US Treasury Secretary Paulson urges Congress to back his plan
The London stock market ended a week of turmoil with its biggest one-day gain after the US government unveiled a plan to bail out the financial system.
The FTSE 100 closed 8.8% up at 5311.3. Wall Street ended 3.3% higher and the French and German markets also rose.
The surge came as the US government said it planned to spend billions of dollars to mop up bad debts fuelling the global financial crisis.
But Chancellor Alistair Darling ruled out a similar plan for the UK.
"We fully support what the Americans are doing ... here in this country, our problems are different," he added. "We are helping banks as people would expect us to do."
Washington will set out further details of the US rescue plan next week.
Crisis of confidence
The proposed US government rescue plan comes at the end of a week of almost unprecedented turmoil on world financial markets:
Central banks around the world have pumped billions of dollars of extra funding into money markets on Thursday and Friday to ease the liquidity crisis
The US Treasury also said it would guarantee US money market funds - mutual funds that typically invest in low-risk credit such as government bonds and are often used by pension funds - up to a value $50bn to further restore confidence
Stock markets in Russia were temporarily suspended again on Friday at the end of a week of wild swings and stop-go trading
There are rumours that Morgan Stanley is looking for a partner
Financial stocks have gained the most from the rise in confidence on the markets. In London, the Royal Bank of Scotland and HBOS rose as much as 50%.
Meanwhile, in the US insurer AIG - which earlier this week received an $85bn rescue package from the US government - surged almost 60%, while banks Citigroup and Bank of America jumped 22% and 16% respectively.
Moves to restrict short-selling in the US and UK also helped to boost financial shares.
Short-selling occurs when a trader borrows shares from another to sell them with the hope of buying them back at a lower price, thereby profiting from the difference. It has been blamed for the recent sharp falls in some banking shares.
Late on Friday, Germany followed suit with a ban on short-selling in 11 finance firms in an effort to protect them from damage by speculators.
There will be serious long-term damage to the ability of the US to export its way of doing business to the rest of the world.
News of a US bail-out emerged after a meeting with Congress members late on Thursday.
Mr Paulson announced plans to introduce new laws to buy hundreds of billions of dollars of bad debt from banks, debts he said were "clogging up" the financial system.
"To restore confidence in our markets and our financial institutions, so they can fuel continued growth and prosperity, we must address the underlying problem," he added.
Reports said Mr Paulson was looking into setting up something akin to the Resolution Trust Corp (RTC), which was formed after savings and loans banks collapsed in the 1980s.
The RTC took over most of the smaller banks in the US at a cost of $400bn - about $1 trillion (£550bn) in today's money - and then tried to sell off their assets.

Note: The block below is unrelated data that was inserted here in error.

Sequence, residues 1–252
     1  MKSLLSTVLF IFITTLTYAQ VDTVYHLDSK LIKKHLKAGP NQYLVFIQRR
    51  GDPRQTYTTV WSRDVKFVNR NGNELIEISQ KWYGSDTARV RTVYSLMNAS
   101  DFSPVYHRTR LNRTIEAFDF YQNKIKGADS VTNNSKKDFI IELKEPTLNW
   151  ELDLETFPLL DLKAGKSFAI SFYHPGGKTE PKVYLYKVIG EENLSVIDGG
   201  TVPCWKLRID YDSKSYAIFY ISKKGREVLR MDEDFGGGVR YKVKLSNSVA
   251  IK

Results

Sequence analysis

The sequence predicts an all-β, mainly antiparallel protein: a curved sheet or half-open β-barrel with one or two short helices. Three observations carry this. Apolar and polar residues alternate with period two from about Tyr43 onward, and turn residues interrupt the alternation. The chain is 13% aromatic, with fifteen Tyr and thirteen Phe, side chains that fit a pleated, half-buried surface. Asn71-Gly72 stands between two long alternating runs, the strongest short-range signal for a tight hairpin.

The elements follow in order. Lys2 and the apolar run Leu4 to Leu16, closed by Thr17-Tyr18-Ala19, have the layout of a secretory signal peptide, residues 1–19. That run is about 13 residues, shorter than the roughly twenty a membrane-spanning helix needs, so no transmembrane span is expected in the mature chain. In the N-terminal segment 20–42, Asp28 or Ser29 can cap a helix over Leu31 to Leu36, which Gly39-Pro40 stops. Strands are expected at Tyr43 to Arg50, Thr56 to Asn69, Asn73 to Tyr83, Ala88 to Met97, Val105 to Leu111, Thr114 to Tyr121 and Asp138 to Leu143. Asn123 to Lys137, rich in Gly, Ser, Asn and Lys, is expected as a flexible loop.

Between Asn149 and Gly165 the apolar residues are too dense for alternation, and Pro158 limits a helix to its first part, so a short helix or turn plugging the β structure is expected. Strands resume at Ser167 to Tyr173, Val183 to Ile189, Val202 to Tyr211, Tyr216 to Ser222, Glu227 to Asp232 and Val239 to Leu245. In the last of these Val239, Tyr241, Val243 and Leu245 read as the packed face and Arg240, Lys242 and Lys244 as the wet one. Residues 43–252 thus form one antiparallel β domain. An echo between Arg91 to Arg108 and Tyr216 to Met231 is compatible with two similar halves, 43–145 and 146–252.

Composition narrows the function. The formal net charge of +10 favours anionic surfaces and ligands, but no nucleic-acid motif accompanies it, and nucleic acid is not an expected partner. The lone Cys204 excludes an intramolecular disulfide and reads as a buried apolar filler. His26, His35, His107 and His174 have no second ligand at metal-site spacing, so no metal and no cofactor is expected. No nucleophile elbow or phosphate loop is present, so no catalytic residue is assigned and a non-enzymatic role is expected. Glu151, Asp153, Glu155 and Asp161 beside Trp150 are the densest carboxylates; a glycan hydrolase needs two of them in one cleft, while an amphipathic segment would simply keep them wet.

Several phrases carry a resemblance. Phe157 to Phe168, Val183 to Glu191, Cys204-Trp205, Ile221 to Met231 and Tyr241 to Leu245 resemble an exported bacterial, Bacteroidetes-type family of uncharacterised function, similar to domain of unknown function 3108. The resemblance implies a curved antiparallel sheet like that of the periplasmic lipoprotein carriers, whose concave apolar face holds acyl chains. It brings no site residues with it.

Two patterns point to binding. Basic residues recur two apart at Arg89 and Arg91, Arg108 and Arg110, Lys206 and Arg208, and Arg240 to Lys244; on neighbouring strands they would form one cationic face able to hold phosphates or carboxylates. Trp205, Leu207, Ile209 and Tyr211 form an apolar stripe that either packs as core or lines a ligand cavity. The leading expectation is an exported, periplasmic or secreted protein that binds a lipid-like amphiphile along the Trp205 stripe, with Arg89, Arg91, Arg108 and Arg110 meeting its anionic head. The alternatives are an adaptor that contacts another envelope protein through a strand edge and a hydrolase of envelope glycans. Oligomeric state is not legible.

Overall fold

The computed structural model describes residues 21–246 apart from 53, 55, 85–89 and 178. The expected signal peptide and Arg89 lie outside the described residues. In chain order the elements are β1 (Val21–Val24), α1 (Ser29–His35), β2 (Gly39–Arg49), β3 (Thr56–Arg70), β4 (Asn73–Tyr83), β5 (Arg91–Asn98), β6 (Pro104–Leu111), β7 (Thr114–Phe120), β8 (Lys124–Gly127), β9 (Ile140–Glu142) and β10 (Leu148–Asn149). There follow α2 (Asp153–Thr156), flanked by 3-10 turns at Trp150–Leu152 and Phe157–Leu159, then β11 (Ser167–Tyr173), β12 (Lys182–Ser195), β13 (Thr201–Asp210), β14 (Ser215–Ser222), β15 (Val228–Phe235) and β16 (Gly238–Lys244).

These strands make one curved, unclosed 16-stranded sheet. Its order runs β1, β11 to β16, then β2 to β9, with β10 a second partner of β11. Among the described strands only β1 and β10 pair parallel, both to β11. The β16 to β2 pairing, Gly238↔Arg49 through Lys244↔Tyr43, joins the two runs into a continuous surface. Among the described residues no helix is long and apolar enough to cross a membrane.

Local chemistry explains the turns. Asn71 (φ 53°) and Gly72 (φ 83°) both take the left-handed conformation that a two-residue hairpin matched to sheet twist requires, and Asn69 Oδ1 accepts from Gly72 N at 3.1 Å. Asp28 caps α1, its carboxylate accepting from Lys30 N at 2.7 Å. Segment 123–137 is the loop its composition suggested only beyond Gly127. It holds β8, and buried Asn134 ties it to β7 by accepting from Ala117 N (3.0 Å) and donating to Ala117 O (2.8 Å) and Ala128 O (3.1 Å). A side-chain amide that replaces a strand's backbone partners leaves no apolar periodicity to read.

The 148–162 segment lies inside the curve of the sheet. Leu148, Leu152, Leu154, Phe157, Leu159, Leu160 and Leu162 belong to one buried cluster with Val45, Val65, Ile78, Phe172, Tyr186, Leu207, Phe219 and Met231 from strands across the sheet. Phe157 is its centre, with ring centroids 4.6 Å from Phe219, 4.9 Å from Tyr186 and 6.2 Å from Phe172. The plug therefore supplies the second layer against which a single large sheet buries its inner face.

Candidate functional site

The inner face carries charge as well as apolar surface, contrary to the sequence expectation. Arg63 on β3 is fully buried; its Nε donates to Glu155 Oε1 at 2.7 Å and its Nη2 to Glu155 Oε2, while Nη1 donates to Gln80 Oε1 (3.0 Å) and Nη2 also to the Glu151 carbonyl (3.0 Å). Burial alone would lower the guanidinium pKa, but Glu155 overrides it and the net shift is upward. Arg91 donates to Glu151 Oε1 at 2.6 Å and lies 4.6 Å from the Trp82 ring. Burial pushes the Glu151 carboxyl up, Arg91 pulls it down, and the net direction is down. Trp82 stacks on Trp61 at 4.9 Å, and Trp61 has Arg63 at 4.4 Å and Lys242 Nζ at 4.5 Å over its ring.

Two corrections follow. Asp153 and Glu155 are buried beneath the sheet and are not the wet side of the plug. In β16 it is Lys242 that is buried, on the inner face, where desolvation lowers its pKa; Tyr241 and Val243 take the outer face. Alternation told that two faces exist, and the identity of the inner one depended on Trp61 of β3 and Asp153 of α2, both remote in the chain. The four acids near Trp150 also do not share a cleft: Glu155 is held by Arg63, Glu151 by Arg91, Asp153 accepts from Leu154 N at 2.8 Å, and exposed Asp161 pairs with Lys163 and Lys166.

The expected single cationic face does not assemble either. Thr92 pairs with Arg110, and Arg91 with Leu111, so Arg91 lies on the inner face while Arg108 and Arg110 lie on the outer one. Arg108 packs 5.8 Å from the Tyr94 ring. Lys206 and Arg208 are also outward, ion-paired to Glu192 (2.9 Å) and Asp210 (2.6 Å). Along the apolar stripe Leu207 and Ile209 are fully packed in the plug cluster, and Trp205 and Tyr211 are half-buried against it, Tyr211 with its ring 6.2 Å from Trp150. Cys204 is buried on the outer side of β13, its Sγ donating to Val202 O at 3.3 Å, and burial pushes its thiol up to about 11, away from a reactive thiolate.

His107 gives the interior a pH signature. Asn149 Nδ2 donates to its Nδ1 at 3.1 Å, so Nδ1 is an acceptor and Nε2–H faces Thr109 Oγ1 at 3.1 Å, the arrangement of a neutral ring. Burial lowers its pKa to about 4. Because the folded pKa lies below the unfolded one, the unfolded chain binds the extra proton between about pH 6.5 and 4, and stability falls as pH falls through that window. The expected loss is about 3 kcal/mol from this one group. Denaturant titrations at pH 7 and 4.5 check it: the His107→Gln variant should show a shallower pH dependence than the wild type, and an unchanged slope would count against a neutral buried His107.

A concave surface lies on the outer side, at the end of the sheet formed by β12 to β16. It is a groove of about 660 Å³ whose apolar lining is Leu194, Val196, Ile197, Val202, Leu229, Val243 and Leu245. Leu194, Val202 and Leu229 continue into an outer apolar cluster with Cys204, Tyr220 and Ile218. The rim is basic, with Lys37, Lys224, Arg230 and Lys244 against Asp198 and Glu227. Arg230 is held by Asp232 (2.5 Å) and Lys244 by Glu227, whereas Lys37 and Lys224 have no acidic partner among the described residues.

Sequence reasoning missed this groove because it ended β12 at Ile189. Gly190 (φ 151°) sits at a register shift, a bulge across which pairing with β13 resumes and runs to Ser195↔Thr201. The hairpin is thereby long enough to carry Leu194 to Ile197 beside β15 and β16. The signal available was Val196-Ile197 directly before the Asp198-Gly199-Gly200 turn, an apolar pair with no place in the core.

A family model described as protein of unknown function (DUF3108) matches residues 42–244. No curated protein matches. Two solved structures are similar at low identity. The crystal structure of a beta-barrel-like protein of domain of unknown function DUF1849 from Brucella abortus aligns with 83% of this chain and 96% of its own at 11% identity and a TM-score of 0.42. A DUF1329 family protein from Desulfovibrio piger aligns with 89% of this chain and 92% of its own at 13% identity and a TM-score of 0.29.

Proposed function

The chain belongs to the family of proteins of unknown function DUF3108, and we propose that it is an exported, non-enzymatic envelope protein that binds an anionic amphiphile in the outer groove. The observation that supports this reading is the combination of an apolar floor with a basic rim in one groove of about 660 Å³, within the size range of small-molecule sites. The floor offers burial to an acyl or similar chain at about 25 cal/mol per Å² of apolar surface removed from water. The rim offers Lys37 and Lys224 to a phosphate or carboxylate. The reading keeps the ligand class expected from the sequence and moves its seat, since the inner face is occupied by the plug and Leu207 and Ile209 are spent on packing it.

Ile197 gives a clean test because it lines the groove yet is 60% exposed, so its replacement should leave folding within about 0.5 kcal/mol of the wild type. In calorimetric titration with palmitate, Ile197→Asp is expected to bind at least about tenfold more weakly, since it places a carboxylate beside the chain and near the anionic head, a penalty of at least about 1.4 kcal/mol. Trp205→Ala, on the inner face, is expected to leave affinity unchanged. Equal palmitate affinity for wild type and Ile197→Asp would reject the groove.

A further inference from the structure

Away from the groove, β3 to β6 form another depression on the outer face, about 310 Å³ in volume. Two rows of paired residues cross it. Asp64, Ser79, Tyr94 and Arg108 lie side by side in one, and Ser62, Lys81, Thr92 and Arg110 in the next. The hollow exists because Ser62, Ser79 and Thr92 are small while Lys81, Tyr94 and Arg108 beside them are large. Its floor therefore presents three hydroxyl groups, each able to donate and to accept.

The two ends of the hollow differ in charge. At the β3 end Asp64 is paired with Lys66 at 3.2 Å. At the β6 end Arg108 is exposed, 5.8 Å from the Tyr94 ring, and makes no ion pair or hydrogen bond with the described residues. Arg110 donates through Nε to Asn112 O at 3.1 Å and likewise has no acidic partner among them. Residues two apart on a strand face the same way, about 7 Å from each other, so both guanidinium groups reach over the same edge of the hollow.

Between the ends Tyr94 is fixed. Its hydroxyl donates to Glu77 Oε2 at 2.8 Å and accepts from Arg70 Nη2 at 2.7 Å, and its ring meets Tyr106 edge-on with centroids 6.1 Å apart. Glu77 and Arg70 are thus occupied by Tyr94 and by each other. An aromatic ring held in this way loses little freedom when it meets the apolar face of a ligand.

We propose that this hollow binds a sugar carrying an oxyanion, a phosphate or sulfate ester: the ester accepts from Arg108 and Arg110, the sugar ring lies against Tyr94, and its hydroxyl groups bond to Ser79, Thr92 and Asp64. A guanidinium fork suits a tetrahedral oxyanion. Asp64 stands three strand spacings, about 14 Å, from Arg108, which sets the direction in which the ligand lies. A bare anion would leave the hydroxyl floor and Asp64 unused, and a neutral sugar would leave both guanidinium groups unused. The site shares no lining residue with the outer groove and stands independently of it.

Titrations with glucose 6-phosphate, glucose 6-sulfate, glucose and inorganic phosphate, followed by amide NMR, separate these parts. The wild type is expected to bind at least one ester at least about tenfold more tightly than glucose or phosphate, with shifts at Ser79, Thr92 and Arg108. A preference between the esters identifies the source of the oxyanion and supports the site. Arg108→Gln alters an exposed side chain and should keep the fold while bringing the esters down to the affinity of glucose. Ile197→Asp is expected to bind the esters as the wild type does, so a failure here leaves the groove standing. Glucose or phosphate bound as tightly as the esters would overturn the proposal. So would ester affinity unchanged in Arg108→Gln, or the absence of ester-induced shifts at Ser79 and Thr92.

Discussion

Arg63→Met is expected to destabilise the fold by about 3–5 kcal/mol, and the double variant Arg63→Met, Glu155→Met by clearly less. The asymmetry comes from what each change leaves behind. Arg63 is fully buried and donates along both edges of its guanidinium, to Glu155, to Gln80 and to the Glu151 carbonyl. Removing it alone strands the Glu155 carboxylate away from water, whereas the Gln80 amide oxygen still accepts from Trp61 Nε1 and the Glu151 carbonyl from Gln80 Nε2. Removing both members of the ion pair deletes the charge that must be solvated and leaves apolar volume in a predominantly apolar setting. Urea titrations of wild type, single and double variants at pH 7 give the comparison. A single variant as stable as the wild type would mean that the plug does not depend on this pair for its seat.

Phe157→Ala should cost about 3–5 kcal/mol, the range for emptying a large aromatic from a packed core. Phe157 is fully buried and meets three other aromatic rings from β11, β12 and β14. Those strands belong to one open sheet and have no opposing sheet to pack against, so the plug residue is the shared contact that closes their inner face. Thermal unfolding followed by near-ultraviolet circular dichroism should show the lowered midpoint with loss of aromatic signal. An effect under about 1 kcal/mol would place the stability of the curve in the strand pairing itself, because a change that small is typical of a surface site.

The cost of such a bailout would probably be higher this time, with bad mortgage debt believed to be around $2 trillion.
Some analysts welcomed the news.
"It's a relief, it allows for an orderly workout for the impaired assets and it will help the banking sector get back to business," said Hans Kunnen of Colonial First State Fund Managers in Australia.
New York trader: 'The crisis has been painful to watch'
Howard Wheeldon, senior strategist at London-based BGC Partners, also welcomed the market rally after a "torrid week".
But he added: "We still face many problems not least the threat of recession because of the fallout of the banking crisis."
And he cautioned against central banks flooding the financial system with too much liquidity.
"In a way we are now paying the price for the liquidity-boosting measures taken after the September 11 atrocities. We can't afford to have a short-term fix and then in three or four years have an even bigger bubble explode," he warned.
BBC Business Editor Robert Peston said that the taxpayer funded bail-out "represents a massive humiliation for Wall Street" and will severely dent the ability of the US to export its way of doing business to the rest of the world.
But an even bigger risk could be a loss of confidence in the American government's balance sheet, he said.
"This could ultimately undermine the dollar, push up inflation even more and raise the cost of servicing debt for the US authorities," our business editor explained.
The UK's FTSE 100 index of largest shares added 8.6% with banking stocks among the biggest gainers.
Halifax owner HBOS, which was forced into the arms of rival Lloyds TSB after its shares slumped this week, traded up 30.5%.
Across the Atlantic, Wall Street's Dow Jones index closed 368.8 points ahead at 11,388.4.
France's Cac 40 and Germany's Dax indexes also rallied, to close 9.27% and 5.56% higher respectively.
Earlier, Japan's Nikkei jumped 3.8%, while the Shanghai Composite recovered from 22-month lows to close up 9.5% and Hong Kong's Hang Seng soared almost 10%.
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